MSG, Trans Fat, and Aspartame: 3 Secret Ingredients That Are Killing You and Your Results

You’ve probably heard food additives are bad for you but it’s hard to avoid them. A new study examined how MSG, trans fat, and aspartame impact health.

Most of the readers of Breaking Muscle are concerned about health and actively do something about it. There is perhaps no single better way to stay healthy than a good diet. While this is common sense, the number of athletes and trainees I work with who have pretty poor diets is surprising. I wish I could say that I’m exempt from that myself, but eating poorly happens to the best of us.

One way I’ve found to dissuade eating foods that will mess with your results and put you in bad health is through educating clients about what this stuff is actually doing to them. And when it comes to trans fats, aspartame, and MSG, a recent study in Nutrition and Metabolism is perfect for just that.

If you get any kind of take out, eat any kind of processed food, or even if you’re just watching your calories, these additives might be more common in your diet then you think. Let’s talk about what this stuff is first to take some of the mysticism out of things.

1. MSG

MSG, or monosodium glutamate, tells you what it is right in the name. It’s the sodium salt form of glutamic acid. You probably know glutamic acid better by its amide form: glutamine. MSG is a chemical that is added to food to enhance flavor. When people say “enhance flavor,” think about the effect that regular table salt has on food.

2. Aspartame

Aspartame is a sweetener, but unlike regular old sugar, it doesn’t have the calories. It’s actually sweeter per gram than sugar as well. You’ll find this in many low- or no-calorie drinks and protein shakes.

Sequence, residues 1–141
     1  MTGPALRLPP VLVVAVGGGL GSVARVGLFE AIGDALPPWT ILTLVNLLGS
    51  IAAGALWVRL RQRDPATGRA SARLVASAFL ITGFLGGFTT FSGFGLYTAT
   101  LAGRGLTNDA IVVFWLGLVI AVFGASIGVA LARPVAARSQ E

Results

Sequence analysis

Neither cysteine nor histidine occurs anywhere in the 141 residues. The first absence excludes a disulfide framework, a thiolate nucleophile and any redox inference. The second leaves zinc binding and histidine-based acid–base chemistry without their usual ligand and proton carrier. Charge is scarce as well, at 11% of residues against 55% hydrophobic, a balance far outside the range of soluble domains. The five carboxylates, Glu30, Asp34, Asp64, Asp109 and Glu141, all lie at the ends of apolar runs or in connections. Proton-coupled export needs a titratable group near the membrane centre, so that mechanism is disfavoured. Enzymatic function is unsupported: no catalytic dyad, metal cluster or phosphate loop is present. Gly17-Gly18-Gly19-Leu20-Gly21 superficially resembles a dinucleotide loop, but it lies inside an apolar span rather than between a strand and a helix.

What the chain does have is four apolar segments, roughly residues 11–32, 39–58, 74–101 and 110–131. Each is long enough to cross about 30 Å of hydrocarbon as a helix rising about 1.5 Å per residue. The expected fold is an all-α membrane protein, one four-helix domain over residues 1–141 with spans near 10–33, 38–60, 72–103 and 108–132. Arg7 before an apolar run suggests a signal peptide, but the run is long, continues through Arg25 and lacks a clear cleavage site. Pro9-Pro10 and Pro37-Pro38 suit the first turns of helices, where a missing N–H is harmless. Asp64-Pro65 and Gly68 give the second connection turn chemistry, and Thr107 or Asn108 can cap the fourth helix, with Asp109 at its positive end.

3. Trans Fats

Trans fats are perhaps the most mysterious of the three. Many people know they’re bad, but don’t actually know what they are. Trans fats are a class of processed lipids (lipids include fats, oils and phospholipids). To make trans fats the oils are stabilized artificially. You may have heard the term “hydrogenated oil” instead. What these are is right in the name: they chemically bond hydrogen to the oil. A lipid that is fully hydrogenated is called “saturated,” in case you ever wondered where that term came from. The lipid is chemically saturated with hydrogen, which extends its life span. Food manufacturers add trans fats to foods to make them last longer.

In this study, researchers fed mice one of four diets: trans fat, trans fat with MSG, trans fat with aspartame, or all of the above. Then they looked at a variety of health factors. Since every group ate the trans fat, the researchers concluded trans fat negatively affected a variety of health factors. While the aspartame group had some bad and some good results, it was the MSG group that took a hard hit to their health.

One of the most interesting results was that when all the additives were consumed together, aspartame seemed to amplify the negative effects of the MSG. With increased triglycerides, leptin, fat deposits on the organs, fat in the blood, blood sugar, cholesterol, and liver damage, the results were shocking.

While most of us have heard these additives are bad, many may sneak them into their diets anyway. With the results of this study, these food additives might have just gotten a lot harder to swallow.


1. Kate S Collison, et. al., “Prediabetic changes in gene expression induced by aspartame and Monosodium glutamate in Trans fat-fed C57Bl/6 J mice,” Nutrition & Metabolism 2013, 10:44.

Photo courtesy of Shutterstock.

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